Rheumatoid Arthritis

Rheumatoid arthritis (RA) involves inflammation of the lining of joints in the body. In early RA, for reasons that are not yet fully understood, inflammatory cells that usually circulate in the blood and protect against infections become activated and migrate to the lining of the joints. This lining is called synovium. In RA, inflamed synovium grows to 10-20 times its normal size and is filled with inflammatory cells. This inflammatory process progressively causes damage to the joint structures leading to chronic pain and permanent damage and in a relatively short time. This can ultimately lead to disability.

RA occurs in 1% of the adult population in the United States. This is greater than 2.4 million people. Usually it affects people over the age of 20. It commonly occurs in women in their childbearing years. However, individuals in their eighth and ninth decade of life can also develop RA.

In the past, without adequate knowledge of the natural history of RA, doctors felt that the disease was a slowly progressive condition that did not alter an individual’s life span. Now it is realized that RA can be a rapidly progressive condition that alters all aspects of an individual’s life including:

  • Ability to work
  • Perform normal daily activities
  • Walk
  • Feed, bathe and dress oneself

In addition to disabling affected individuals, RA can shorten a person’s lifespan as much as cancer or heart disease. Medical costs are presently in the tens of billions of dollars.

With recent advances and better understanding of immunology new treatments are now available to slow down the destructive process. Unfortunately, the longer the duration of RA, the harder the disease becomes to treat. Irreversible damage to joints may lead to disability, ultimately, requiring surgery. The goal is to prevent irreversible damage by treating patients early.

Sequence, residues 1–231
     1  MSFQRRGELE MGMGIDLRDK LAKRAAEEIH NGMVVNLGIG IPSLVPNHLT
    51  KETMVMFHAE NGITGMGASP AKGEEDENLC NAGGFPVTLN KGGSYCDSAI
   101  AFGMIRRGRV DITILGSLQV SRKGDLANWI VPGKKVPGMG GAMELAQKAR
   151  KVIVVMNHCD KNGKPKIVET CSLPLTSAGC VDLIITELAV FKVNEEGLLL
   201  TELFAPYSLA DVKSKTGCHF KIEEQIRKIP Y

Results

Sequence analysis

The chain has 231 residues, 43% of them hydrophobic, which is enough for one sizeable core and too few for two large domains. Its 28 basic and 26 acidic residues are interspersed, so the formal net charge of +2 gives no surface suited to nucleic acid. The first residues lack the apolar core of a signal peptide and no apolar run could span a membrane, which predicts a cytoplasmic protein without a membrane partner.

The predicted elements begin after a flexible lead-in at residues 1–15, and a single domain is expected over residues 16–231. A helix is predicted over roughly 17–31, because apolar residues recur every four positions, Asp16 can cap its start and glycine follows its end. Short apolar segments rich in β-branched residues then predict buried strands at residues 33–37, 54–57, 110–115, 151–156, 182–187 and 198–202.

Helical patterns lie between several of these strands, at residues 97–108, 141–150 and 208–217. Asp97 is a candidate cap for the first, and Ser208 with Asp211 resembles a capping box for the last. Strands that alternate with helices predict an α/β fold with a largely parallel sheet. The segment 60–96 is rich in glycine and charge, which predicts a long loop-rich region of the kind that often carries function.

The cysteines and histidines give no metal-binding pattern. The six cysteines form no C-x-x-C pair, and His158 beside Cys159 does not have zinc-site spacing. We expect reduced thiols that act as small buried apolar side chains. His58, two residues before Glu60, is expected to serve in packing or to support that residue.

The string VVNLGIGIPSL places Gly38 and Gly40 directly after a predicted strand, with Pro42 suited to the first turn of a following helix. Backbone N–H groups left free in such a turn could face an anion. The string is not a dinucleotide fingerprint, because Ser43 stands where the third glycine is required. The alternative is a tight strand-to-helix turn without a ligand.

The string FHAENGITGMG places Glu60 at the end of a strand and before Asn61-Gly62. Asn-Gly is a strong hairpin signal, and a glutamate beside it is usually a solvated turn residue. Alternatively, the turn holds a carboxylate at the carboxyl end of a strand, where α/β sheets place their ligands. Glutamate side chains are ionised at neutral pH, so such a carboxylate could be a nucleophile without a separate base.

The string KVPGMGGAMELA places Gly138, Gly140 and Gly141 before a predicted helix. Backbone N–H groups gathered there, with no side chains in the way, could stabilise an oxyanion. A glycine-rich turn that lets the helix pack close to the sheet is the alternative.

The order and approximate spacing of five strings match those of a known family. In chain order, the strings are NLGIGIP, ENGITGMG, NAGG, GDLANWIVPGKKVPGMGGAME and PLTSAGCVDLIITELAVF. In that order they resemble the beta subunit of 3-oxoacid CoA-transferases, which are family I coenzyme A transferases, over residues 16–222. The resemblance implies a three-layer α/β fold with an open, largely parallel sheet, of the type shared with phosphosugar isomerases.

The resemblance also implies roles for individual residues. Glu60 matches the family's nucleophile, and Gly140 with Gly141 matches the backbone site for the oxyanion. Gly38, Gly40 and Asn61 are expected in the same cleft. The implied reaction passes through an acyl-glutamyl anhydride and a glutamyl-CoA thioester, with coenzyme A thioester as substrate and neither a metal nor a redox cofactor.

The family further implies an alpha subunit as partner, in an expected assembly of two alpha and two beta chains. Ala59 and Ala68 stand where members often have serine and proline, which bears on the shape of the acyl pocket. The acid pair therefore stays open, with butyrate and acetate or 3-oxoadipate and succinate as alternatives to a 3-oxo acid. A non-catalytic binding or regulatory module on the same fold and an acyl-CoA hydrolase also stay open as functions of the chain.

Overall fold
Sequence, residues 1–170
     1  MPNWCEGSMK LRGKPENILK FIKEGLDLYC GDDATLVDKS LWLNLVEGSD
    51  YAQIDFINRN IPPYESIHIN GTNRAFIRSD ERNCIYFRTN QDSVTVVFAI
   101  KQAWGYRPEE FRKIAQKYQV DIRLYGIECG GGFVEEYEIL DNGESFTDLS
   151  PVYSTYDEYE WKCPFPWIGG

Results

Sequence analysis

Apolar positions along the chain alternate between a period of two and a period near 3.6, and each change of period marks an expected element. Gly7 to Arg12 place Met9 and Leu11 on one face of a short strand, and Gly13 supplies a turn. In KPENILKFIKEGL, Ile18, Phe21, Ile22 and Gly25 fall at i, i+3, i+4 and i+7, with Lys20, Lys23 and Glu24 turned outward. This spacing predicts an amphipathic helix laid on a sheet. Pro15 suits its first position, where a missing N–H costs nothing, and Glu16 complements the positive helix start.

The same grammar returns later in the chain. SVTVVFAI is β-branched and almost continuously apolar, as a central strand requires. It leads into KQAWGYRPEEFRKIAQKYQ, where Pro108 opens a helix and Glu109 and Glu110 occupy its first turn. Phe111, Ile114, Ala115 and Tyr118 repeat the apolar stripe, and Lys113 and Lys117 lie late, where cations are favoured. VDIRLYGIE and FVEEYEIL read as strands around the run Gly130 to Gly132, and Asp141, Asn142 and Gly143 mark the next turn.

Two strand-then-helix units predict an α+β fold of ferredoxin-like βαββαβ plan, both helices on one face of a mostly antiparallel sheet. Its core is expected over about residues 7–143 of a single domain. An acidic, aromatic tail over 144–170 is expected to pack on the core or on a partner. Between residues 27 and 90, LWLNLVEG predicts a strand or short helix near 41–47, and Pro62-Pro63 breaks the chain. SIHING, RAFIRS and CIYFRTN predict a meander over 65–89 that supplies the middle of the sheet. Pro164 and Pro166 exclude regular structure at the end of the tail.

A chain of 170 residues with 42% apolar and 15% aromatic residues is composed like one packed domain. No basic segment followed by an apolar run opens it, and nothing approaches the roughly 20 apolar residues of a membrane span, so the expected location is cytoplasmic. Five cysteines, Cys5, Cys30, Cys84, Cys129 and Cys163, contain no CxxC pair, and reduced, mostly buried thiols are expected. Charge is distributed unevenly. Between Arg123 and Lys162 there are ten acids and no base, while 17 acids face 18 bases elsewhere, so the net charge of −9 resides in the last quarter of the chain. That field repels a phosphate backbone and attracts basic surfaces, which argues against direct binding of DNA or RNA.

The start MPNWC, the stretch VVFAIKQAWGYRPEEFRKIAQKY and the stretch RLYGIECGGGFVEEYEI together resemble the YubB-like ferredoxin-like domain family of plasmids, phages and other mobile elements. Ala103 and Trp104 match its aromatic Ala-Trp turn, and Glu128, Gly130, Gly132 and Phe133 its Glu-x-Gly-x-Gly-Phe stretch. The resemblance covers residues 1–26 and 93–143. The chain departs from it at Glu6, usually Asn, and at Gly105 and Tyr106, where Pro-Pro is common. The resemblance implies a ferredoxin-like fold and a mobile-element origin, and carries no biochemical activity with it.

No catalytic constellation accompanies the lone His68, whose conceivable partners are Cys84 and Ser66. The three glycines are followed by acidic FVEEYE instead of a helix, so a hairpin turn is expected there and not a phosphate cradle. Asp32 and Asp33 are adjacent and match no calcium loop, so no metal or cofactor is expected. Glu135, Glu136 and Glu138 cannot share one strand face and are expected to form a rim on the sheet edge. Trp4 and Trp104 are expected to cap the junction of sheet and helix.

Early warning signs for the development of RA include:

  • Joint tenderness, warmth or swelling
  • Joints on both sides of the body affected at the same time
  • Joint inflammation commonly affecting the fingers, wrists, ankles, and toes
  • Other affected joints, including the neck, shoulders, elbows, hips, knees or jaw
  • Fatigue, occasional fevers, and malaise (a general sense of not feeling well)
  • Pain and stiffness lasting for more than one hour in the morning or after long periods of rest
  • Ongoing symptoms that generally do not go away

The exact cause of RA is not yet known. It is known that RA is an autoimmune disease. This means the body’s natural immune system does not operate as it should. Proteins that normally protect the body from harm attack a person’s normal tissue. This starts an inflammatory process progressing to joint damage.

Many factors can contribute to the development of RA. The majority of RA sufferers are women. They tend to get a more severe form of the disease.

Genes or hereditary factors play a role. Scientists have shown certain genes that play a role in the immune system may be involved in determining whether or not a person develops RA. Individuals who have relatives with RA will have a higher chance of developing the disease.

Researchers have studied various viruses and bacteria but to date no specific infectious causes for RA have been identified. The body seems to expose certain molecules to the immune system to activate the inflammatory process that causes RA in those individuals that are genetically predisposed. This inflammatory process becomes chronic, and the body cannot turn itself off.

The evaluation to diagnose RA includes:

  • Recording your medical history and conducting a physical examination
  • Performing blood tests to evaluate inflammation and markers of arthritis
  • Possibly drawing fluid from inflamed joints to analyze the extent of inflammation and rule out other arthritic conditions
  • Taking x-rays of affected joints, especially the hands and feet
  • Doing MRI on affected joints to assess joint problems that are harder to visualize on standard x-ray

Treatment of RA includes controlling joint inflammation and starting the patient on a medically-advised exercise program. With treatment- pain, swelling and decreased joint mobility will improve.